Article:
Remarks: The genus was established for Belyta bicolor Jurine, 1807  , by monotypy. Kieffer’s (1916) concept of Belyta  is based on the flattened mesosoma. All species classified by Kieffer under Belyta  (except for one) display the diagnostic characters accepted for the genus, still a reliable diagnostic character for Belyta  , but only for females; in males the mesosoma is generally convex in side view. The flattened female body might represent an adaptation for facultative terrestrial habits (search for hosts), contrary to the predominantly free-living activities of males. Sexual dimorphism of Belyta  species had not been fully appreciated, and conspecific males and females were described as different species, sometimes being even assigned to different genera ( Pantoclis, Xenotoma  , Aclista  ) ( Macek, 1996). There are 91 described species of Belyta  in the world ( Johnson, 1992), being Belyta rufipes Kieffer, 1906  the only species recorded in the Neotropics (San Marcos, Nicaragua) ( Kieffer, 1906) thus far; Hanson & Gauld (2006) estimated some twenty species in this region. Nixon’s (1957) identification key is reliable to separate European species, although with greater focus on the British fauna, and suggests how a thorough re-evaluation of previously described species is needed. Subsequently, keys were published for the Finland ( Hellen, 1964), Switzerland ( Wall, 1967), European part of USSR ( Kozlov, 1978) and SW-Germany ( Wall, 1993) species. Macek (1996) revised and keyed out the 16 European Belyta  species he recognized as valid.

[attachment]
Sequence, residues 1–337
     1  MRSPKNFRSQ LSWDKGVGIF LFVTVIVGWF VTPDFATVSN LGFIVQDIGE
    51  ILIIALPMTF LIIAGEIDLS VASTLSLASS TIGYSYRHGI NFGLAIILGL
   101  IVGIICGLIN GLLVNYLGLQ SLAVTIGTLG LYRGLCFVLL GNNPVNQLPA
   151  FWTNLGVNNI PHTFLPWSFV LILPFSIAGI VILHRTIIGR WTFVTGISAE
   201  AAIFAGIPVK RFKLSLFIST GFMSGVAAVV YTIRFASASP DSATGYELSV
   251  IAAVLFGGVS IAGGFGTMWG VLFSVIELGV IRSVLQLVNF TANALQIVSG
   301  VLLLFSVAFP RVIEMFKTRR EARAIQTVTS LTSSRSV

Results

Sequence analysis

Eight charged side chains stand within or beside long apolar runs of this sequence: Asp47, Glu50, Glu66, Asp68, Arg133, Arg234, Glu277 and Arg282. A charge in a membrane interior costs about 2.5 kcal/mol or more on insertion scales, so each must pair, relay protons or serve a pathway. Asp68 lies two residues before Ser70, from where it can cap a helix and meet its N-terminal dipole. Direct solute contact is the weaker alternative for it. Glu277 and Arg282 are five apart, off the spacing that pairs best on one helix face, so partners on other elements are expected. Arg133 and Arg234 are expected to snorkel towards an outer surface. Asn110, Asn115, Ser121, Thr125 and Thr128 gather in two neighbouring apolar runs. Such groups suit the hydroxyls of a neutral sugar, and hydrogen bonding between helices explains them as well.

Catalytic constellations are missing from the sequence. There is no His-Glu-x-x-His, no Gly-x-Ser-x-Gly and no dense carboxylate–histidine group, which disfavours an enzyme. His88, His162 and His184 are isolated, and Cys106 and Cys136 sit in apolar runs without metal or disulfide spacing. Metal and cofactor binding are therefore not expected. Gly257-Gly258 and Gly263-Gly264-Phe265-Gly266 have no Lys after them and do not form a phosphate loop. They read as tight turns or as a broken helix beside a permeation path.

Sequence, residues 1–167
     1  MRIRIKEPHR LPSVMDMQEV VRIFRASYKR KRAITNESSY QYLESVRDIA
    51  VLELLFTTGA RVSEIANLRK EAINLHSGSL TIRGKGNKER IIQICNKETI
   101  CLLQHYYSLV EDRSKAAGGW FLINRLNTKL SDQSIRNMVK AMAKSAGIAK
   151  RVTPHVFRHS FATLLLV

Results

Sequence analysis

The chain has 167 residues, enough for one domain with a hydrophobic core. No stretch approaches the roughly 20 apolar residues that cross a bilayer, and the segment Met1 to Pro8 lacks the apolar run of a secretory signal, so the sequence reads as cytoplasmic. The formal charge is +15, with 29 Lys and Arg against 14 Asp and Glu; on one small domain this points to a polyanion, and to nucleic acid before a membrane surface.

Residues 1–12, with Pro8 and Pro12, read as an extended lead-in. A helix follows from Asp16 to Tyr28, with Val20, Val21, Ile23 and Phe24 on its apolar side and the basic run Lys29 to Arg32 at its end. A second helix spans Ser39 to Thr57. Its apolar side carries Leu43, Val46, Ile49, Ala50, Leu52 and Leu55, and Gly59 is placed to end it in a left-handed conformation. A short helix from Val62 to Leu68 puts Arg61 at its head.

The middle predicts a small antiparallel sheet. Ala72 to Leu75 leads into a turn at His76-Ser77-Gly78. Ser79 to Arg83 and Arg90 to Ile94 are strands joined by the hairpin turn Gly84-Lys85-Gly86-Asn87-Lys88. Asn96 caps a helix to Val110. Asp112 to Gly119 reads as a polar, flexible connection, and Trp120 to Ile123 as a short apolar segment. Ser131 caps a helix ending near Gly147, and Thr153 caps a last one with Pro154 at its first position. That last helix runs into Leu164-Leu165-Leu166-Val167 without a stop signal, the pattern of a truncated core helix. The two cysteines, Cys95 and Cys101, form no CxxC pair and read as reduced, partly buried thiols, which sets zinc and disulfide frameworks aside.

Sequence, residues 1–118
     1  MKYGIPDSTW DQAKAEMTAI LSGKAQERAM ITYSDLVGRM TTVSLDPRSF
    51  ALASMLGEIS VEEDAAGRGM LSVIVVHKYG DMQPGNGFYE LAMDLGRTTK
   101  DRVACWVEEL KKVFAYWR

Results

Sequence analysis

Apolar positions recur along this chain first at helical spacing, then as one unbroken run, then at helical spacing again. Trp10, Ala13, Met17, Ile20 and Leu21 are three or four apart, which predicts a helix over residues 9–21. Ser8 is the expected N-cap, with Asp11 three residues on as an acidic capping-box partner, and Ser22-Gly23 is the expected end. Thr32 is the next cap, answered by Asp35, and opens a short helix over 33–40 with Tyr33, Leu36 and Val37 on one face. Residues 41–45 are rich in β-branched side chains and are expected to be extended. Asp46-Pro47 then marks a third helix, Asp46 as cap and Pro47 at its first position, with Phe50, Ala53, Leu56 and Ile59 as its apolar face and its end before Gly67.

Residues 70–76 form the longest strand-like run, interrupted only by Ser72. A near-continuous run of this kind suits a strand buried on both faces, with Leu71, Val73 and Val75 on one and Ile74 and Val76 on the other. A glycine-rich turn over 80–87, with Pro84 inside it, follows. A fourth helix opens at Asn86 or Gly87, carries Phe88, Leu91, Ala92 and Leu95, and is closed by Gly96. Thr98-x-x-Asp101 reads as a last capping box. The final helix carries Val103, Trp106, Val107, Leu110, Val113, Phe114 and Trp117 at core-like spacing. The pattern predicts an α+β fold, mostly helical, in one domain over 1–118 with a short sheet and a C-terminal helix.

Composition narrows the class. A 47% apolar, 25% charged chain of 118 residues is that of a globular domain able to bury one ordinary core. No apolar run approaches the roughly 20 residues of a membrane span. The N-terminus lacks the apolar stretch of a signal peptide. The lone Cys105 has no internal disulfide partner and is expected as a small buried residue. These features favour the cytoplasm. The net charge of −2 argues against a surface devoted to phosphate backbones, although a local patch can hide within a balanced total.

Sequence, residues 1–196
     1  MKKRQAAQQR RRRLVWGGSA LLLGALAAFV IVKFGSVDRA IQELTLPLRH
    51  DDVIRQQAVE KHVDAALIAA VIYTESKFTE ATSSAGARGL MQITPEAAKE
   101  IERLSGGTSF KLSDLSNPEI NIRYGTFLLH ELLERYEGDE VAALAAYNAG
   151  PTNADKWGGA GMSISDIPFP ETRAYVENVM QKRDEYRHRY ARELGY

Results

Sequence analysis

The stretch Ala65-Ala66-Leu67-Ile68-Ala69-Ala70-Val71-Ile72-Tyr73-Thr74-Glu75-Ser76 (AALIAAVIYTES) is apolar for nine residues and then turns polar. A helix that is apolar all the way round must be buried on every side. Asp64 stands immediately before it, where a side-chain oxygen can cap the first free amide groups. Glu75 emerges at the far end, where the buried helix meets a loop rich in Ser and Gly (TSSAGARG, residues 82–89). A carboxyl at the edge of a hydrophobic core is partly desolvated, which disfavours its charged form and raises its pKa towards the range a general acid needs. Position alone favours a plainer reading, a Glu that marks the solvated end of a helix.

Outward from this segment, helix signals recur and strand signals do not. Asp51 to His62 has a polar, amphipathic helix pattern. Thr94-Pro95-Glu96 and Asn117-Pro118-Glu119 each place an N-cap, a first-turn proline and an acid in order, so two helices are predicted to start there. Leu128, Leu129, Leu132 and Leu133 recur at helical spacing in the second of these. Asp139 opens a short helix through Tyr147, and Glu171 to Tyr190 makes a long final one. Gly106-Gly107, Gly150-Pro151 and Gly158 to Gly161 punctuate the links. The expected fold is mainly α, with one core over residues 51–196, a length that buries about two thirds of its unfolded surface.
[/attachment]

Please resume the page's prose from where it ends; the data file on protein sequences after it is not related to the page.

Distribution: Belyta  is cosmopolite ( Hanson & Gauld, 2006). In the Atlantic Forest Belyta  species have been recorded from Santa Catarina to Pernambuco ( Fig. 23CView FIGURE 23).

Biology: Most species are polyvoltine parasitoids of Mycetophilidae ( Hanson & Gauld, 2006)  . Some species may show affinity to a specific plant formation ( Macek, 1996).

T

Tavera, Department of Geology and Geophysics